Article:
have charged two Chinese hackers for allegedly hacking into the systems of
hundreds of companies, governments and individual dissidents, as well as firms developing
COVID-19 vaccines, testing technology, and treatments, the U.S. Department of
Justice (DOJ) announced this week.
An 11-count indictment alleges Li Xiaoyu, 34, and Dong Jiazhi, 33, conducted a hacking campaign lasting more than ten years to the present, targeting companies in countries with high-technology industries, including the United States, Australia, Belgium, Germany, Japan, Lithuania, the Netherlands, Spain, South Korea, Sweden, and the United Kingdom. Both hackers were trained in computer application technologies at the same Chinese university, according to the DOJ’s press release.
backed by the Chinese government, the duo targeted industries like high-tech
manufacturing, and medical device, civil, and industrial engineering, as well
as business, educational, gaming, solar energy, pharma and defense. Starting
around Sept. 1, 2009, and continuing through July 7, 2020, they exfiltrated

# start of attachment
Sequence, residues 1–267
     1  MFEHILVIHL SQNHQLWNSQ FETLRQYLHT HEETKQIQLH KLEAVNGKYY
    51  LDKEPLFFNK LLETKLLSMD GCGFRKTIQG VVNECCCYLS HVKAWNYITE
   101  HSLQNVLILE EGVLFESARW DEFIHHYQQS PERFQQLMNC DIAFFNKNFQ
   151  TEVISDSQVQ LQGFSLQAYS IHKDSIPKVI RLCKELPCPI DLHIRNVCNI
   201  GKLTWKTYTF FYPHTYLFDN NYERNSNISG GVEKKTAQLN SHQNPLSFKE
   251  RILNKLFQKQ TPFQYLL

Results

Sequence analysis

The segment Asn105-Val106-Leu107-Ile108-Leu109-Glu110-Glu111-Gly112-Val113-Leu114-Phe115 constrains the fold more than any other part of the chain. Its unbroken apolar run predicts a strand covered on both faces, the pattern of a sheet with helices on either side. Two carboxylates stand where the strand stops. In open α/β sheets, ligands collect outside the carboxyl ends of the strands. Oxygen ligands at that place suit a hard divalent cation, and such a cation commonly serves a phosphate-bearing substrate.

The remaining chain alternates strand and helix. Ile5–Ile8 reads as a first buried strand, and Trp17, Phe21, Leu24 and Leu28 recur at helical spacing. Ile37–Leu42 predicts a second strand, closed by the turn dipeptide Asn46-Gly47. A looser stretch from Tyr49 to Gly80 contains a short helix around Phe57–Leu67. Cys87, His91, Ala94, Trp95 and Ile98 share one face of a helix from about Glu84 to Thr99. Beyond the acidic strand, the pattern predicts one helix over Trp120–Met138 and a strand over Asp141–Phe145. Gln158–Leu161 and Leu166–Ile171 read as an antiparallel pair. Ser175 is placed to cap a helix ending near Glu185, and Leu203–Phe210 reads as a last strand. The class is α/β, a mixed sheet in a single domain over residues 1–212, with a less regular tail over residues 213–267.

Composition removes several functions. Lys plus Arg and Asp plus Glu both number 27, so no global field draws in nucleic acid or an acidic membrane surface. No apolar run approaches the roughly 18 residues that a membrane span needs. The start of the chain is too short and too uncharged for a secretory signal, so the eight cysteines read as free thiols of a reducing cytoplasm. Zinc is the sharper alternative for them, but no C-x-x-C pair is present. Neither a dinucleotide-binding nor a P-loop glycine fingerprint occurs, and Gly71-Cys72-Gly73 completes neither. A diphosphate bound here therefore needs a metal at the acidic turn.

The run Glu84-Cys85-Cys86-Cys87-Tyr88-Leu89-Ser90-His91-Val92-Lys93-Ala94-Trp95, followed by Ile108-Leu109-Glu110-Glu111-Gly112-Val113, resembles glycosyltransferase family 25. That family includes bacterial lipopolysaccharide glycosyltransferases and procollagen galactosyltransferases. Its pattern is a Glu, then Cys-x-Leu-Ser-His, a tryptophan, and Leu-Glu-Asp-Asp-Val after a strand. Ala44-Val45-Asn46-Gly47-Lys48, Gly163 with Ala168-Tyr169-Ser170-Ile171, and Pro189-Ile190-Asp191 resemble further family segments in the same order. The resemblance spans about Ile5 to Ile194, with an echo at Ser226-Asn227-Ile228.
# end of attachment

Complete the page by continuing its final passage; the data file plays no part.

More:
sensitive data and intellectual property saving their (Chinese) sponsors
precious time and resources in key areas of research and development.
“In at least
one instance, the hackers sought to extort cryptocurrency from a victim entity,
by threatening to release the victim’s stolen source code on the Internet. More recently, the defendants probed for
vulnerabilities in computer networks of companies developing COVID-19 vaccines,
testing technology, and treatments,” the DOJ said.
Li and Dong typically
gained footholds in targeted infrastructures by exploiting publicly known /
unpatched software vulnerabilities in popular web server software, web
application development suites, and software collaboration programs. They also leveraged
insecure default configurations in common applications and their initial
foothold to steal access credentials and deploy malware to remotely execute
commands on victim computers.
They allegedly packaged victim data in encrypted RAR archives, changed the extensions to .jpg, altered system timestamps, and concealed programs and documents at innocuous-seeming locations on victim networks and in victim networks’ ‘recycle bins,’ according to the indictment. The duo frequently re-victimize targets that were slow to patch their entry points – in some cases returning years after the original breach, the DOJ said.
defendants are charged with conspiracy to commit computer fraud, conspiracy to
commit theft of trade secrets, conspiracy to commit wire fraud, unauthorized
access of a computer, and aggravated identity theft, which – if the hackers are
caught and prosecuted in a U.S. court of law – in total carry more than 40
years of prison for each individual.